The break-neck pace of mental health system reform in Victoria is a reason for hope that we are close to a revolution in treatment, care and support.
The Andrews Government released the Royal Commission into Victoria’s Mental health System on 2 March 2021. It promised to implement all 65 recommendations, plus a further nine recommendations from the interim report.
The Australian Nursing and Midwifery Federation (Victorian Branch) Assistant Secretary Madeleine Harradence said ‘The Andrews Government’s sense of urgency implementing these reforms over the past 12 months really does give nurses, midwives and carers a real reason to hope that our mental health system will be resourced appropriately.
‘ANMF has never been busier and we’re involved in consultations, submissions and planning and there is every reason to hope that our new system will deliver treatment, care and support that is preventative, recovery-oriented and closer to home.’
ANMF established a working group of mental health nurses in May 2021. This group regularly discusses issues arising from the recommendations which then informs the union’s advocacy, representation on committees and working parties.
The working group assisted with the ANMF’s submission in August last year in relation to re-writing the mental health legislation which will underpin the reforms.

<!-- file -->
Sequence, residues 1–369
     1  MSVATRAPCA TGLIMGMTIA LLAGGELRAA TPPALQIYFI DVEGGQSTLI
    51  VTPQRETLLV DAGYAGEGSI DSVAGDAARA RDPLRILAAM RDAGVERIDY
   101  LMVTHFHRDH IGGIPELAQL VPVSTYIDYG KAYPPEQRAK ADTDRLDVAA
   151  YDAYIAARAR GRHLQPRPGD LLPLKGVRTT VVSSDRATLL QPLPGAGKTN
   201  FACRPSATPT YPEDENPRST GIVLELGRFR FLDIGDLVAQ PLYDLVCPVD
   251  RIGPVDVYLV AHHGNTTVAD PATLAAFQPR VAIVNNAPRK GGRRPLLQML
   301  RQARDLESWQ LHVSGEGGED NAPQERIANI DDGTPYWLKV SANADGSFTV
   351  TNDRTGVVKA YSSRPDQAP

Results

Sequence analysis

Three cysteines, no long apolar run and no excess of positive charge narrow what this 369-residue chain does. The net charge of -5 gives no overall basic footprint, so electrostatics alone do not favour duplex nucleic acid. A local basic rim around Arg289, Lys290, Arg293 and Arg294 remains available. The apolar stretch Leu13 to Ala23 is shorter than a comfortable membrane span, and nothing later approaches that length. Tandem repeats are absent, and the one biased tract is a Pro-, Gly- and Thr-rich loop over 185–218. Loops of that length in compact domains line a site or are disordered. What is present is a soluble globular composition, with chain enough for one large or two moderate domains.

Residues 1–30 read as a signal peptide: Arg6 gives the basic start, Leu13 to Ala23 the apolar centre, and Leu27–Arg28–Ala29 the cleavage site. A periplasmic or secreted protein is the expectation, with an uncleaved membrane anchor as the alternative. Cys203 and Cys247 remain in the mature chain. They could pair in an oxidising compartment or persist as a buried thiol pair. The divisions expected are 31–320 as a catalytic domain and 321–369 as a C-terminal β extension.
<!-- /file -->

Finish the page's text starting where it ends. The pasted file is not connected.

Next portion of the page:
‘We continue to advocate that the nursing workforce is at the heart of these reforms because they can provide holistic care and ensure mental health is viewed just as importantly as physical health,’ Ms Harradence said.
‘And we know from our experiences with the Safe Patient Care Act, that ratios or mandated, minimum staffing levels are critical to recruit and retain a sustainable nursing workforce that can provide the therapeutic care envisioned by the royal commission. We look forward to working with the Andrews Government to see this election commitment through to its finalisation,’ she said.
The government’s Mental Health and Wellbeing Workforce Strategy 2021-24 released in December 2021 sets out the strategic plan to deliver the workforce needed to realise the royal commission’s vision including additional positions and postgraduate scholarships. This investment in additional nurses is critical with new beds coming online from the interim report which will require well qualified and experienced nurses.
The strategy also highlights that safety and wellbeing of the workforce is a requirement and enabler of high-quality and safe practice, including the establishment of the Mental Health Workforce Safety and Wellbeing Committee as per recommendation 59 of the report.
‘Nurses will be able to use all of their skills and education to deliver care focused on a person’s physical, psychological, social and spiritual needs,’ Ms Harradence said.
‘The royal commission recognised that the system only had capacity for people in crisis, the workforce development underway will fundamentally change the system and the culture and give nurses the capacity and opportunity to provide the holistic care Victorians need and deserve.’